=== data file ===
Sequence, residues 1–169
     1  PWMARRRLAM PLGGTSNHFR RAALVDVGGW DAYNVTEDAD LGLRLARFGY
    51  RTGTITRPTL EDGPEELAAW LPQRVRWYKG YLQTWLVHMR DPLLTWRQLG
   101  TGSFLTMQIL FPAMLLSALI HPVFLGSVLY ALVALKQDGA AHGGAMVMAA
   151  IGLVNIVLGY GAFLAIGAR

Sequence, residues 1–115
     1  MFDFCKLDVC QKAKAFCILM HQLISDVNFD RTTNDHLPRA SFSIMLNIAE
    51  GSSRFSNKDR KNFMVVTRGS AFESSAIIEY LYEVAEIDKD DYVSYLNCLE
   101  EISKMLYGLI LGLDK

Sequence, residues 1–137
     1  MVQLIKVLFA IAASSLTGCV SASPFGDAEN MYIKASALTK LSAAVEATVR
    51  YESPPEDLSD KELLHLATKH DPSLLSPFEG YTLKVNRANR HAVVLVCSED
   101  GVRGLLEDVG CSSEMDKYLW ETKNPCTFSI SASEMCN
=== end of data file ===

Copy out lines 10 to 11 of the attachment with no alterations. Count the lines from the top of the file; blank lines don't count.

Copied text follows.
Sequence, residues 1–137
     1  MVQLIKVLFA IAASSLTGCV SASPFGDAEN MYIKASALTK LSAAVEATVR